It took a lot of convincing, too. Wade spoke with several family members and friends who told him he had one more year left to give. Carmelo Anthony was one of those friends.

“Carmelo was actually one of the biggest influences on me coming back this year,” Wade said. “We sat down this year and went to dinner and I looked at him and said, ‘Man, Melo, I think I’m done.’ And he was one of the people who was like, ‘Bro, your fans need this. Your fans need one more year. I need one more year.”

Anthony, whose turbulent season took another turn last week after the Houston Rockets traded him to the Chicago Bulls, made sure he was a part of the final year he asked for, seeing Wade off during one of his last games at Madison Square Garden.

“I can’t say I know, but I have a sense of how hard it was for him to show up in that arena while he’s not playing and he wants to be on that court,” Wade said. “That shows you how deep our bond and brotherhood is. That was special that he took that opportunity to come out and see me play in the Garden. I appreciated that more than he knows.”

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There are others who’ve played a part in helping Wade make his decision, one of them a 6’2”, 175-pound point guard who lives under his roof. Wade’s son Zaire is a junior in high school, an up-and-coming top prospect who Wade sees a lot of himself in.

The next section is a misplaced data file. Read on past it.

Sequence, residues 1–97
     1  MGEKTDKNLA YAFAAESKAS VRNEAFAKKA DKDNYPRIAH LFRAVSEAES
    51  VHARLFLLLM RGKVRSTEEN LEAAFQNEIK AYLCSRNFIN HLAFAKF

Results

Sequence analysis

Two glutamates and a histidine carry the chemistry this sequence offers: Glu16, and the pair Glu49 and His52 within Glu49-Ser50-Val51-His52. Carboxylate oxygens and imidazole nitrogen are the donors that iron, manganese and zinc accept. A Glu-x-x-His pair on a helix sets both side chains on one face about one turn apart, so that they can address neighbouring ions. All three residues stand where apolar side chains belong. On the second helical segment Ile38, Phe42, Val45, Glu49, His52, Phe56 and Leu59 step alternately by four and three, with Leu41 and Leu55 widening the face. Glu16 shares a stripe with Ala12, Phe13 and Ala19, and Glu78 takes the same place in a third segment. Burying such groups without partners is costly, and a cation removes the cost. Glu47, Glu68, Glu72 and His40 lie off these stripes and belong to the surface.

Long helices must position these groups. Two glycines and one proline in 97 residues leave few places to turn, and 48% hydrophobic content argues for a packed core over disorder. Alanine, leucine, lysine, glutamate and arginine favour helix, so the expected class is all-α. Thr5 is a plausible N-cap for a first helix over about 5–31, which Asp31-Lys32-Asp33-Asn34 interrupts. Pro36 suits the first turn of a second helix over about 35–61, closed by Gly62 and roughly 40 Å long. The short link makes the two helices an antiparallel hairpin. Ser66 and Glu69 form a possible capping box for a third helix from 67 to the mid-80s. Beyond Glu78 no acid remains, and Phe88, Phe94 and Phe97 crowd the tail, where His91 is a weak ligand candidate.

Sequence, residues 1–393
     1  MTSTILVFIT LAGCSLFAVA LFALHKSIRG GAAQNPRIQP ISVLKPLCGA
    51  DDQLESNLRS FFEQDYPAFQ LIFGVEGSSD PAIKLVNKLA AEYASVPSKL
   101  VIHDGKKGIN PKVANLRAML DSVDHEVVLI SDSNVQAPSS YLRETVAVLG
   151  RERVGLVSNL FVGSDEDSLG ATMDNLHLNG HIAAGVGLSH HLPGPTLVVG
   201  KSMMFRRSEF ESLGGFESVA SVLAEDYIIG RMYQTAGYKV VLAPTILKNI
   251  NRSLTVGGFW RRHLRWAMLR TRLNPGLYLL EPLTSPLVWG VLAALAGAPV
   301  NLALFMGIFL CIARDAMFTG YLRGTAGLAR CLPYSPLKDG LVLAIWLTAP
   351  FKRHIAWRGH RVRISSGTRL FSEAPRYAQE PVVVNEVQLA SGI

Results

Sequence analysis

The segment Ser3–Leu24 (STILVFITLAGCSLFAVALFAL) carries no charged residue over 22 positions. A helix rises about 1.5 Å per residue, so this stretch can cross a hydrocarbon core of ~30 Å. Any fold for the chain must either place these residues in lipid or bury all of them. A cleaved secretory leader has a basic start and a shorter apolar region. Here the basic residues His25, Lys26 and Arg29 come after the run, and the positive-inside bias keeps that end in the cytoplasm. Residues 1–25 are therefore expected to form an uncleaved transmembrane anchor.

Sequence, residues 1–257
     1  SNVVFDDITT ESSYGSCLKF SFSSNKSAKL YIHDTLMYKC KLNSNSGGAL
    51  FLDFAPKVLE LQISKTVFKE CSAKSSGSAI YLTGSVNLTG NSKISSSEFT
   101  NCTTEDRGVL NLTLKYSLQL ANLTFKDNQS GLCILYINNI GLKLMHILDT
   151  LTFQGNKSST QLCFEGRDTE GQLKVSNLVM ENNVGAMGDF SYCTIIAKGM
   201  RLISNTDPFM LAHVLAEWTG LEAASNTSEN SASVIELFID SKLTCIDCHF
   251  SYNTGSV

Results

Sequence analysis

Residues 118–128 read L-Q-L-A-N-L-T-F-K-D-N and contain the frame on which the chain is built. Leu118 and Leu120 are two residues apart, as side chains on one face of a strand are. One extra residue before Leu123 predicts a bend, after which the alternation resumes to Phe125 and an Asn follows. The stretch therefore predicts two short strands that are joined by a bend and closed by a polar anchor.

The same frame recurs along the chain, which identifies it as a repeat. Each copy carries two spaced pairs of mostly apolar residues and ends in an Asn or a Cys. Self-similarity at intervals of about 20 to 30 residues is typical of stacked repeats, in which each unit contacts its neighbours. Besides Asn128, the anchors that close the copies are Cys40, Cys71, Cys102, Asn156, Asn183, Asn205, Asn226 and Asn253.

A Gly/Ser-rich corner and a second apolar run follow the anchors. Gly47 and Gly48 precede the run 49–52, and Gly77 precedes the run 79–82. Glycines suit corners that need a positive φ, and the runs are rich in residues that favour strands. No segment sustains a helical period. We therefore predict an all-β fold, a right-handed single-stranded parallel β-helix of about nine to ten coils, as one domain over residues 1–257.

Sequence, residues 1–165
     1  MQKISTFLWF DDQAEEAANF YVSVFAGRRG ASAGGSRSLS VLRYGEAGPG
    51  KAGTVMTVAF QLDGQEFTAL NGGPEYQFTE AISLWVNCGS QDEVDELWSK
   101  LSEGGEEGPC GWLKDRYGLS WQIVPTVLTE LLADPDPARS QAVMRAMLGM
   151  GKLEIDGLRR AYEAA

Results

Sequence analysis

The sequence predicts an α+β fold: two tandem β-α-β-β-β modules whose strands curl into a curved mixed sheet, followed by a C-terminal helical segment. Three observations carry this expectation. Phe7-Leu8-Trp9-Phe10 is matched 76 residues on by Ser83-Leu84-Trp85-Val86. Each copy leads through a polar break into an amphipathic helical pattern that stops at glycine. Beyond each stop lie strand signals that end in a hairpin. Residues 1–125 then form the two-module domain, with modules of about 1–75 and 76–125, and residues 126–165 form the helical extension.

“The DNA is strong,” Wade of the resemblance. “Just the way he plays the game, it’s very similar to how I played. He’s remixed my game and is better at his age because of everything that he has, but I see the way that he plays and how I played it. I played it with passion, with joy, with toughness. And that’s the way he plays.”

Wade doesn’t often get to see his son’s play in person, however. In season and on the road, Wade isn’t able to be physically present at all of Zaire’s high school basketball games in South Florida. That’s part of the reason he’s partnered with BallerTV—a sports media platform created to enable families to watch their loved ones play—as the venture’s first global ambassador.

“It’s definitely tough not being there, but in this technological world, I’m still able to follow him and go on the BallerTV app, and I’m able to watch his games like I’m there and then watch his games later with him,” Wade said. “And I love that.

"As a parent, you just want your child to do whatever it is they love to do and give their all to it. It’s a good feeling to know I can still be a part of it, even if it’s just electronically for now, until I can attend his games physically.”

Now entering his 49th game of the season, Wade may be able to do that sooner rather than later. The three-time NBA champion could soon be invited to his final All-Star Game and might shortly be playing in his final NBA playoffs.

His “Last Dance” may almost be over, but Wade isn’t thinking about that just yet.

“It isn’t going to hit me until we’re really winding down,” Wade said. “There are definitely certain moments where I’m like, ‘Wow, that was my last time playing in Chicago,’ or ‘This is my last time playing against LeBron,’ and those moments hit a little more. But when it’s over, over, that’s when it’ll really hit.”

For now, Wade will continue to help his team’s push for a postseason berth. The Heat are ranked seventh in the Eastern Conference with a 24–24 record and could realistically play through April.

He’ll continue to teach his teammates—players more than 10 years his junior—the lessons he’s learned during his time in the league.

He’ll continue to play the game he knows, in a place he loves, achieving things that were once, to 18-year-old Dwyane Wade, unimaginable.

“I could have never seen all of this coming, back then,” Wade said. “But this? This is the perfect way to end it, the place I started it. There’s no place I’d rather be.”